Tackling Savile-gate

After being hit by a barrage of criticism in the aftermath of the Savile scandal, the BBC has finally come out in the open about one of the most popular presenters in its 85-year history.

On October 3, a shocking ITV investigation implicated the BCC in the sexual transgressions of the late Jimmy Savile, the presenter of the wildly popular Jim’ll Fix It. Apparently, Savile’s misconduct was common knowledge to many employees at the BBC, who were discouraged from speaking about it openly. This appalling revelation was followed by another: A similar exposé showing Savile as a serial child abuser had been scheduled for airing on BBC’s current affairs programme Newsnight, but was subsequently shelved. Thus, since the last few weeks, the broadcaster was strongly criticised for covering up Savile’s serial abuse.

But a special documentary on Savile aired on BBC One’s Panorama disclosed potential reasons why the programme was shelved. The BBC team involved since last year in investigating Savile’s sexual abuse finally spoke out about why the report was dropped at the last moment. Their hard-hitting interviews divulge the rift amidst the Newsnight team regarding their story on Savile’s history of molestation. Apparently, the producer of the show Meirion Jones had warned the Newsnight editor Peter Rippon that burying the scandal would only implicate the BBC in a cover-up later. Rippon also alleged that his editor later changed the angle of the story from a look into Savile’s activities as a child molester to why the Crown Prosecution Service (CPS) dropped an investigation into sexual abuse claims regarding Savile made by many women. However, Rippon claimed that the programme was dropped was because the story was not strong enough — a claim contradicted by Newsnight journalist Liz MacKean — and there was, in fact, no deliberate effort made to hide the sordid past of the former TV legend.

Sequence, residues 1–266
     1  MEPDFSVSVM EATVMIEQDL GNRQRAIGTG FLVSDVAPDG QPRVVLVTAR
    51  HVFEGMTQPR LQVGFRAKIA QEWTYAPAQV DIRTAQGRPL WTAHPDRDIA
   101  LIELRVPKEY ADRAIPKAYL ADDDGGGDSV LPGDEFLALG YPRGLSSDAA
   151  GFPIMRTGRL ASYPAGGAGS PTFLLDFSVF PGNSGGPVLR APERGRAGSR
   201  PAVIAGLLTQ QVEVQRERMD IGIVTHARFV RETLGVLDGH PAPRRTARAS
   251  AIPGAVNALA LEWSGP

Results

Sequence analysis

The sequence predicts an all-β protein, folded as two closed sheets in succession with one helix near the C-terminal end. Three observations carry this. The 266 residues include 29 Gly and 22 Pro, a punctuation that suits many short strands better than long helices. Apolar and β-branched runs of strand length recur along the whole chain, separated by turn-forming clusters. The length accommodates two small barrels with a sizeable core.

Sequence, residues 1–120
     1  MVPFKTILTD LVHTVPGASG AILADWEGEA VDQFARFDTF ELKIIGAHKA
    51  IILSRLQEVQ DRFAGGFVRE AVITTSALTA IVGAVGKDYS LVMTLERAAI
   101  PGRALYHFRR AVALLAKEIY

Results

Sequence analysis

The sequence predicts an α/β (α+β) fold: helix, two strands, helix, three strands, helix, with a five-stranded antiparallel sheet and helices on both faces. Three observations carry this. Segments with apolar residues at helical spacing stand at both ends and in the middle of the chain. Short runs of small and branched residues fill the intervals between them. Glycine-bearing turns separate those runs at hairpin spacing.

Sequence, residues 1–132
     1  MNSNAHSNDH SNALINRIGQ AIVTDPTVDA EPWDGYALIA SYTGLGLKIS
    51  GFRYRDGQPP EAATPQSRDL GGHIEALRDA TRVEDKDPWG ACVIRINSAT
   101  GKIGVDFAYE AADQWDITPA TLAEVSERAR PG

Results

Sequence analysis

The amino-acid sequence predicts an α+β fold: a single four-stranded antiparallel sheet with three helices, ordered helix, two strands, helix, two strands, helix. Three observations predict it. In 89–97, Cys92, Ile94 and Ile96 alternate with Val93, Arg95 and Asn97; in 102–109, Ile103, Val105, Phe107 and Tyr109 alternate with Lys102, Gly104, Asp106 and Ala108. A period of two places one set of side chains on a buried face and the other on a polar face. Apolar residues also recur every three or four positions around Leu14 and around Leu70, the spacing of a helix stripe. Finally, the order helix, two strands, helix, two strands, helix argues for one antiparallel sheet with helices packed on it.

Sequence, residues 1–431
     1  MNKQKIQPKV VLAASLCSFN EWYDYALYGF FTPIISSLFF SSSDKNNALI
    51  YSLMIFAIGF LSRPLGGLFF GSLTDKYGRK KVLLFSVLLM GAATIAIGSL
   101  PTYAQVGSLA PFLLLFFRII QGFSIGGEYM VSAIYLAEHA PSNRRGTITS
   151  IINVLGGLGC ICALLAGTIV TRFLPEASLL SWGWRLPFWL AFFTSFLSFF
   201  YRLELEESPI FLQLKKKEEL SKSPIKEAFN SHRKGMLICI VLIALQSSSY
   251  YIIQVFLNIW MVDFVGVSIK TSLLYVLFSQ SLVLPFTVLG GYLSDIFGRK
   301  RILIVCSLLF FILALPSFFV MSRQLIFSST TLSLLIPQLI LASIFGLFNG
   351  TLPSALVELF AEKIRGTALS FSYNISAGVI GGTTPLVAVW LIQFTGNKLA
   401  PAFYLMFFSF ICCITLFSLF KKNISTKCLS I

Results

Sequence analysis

But while the airing of this controversial programme surely put BBC under more fire, the institution has redeemed its reputation — albeit in a small way — by engaging in self-criticism and self-reflection. It has tried to restore its reputation for credible and objective inquiry by letting the Newsnight team tell the world about what actually happened.

BBC foreign editor John Simpson has described the Savile imbroglio as “the worst crisis” in his 50-year career. But to extricate itself from the mess, the best that the BBC could do to save face was not mince its words and come out with the discomfiting truth. And this is exactly what it has done. Perhaps now the embattled broadcaster can hope to start out with a clean slate in the near future.

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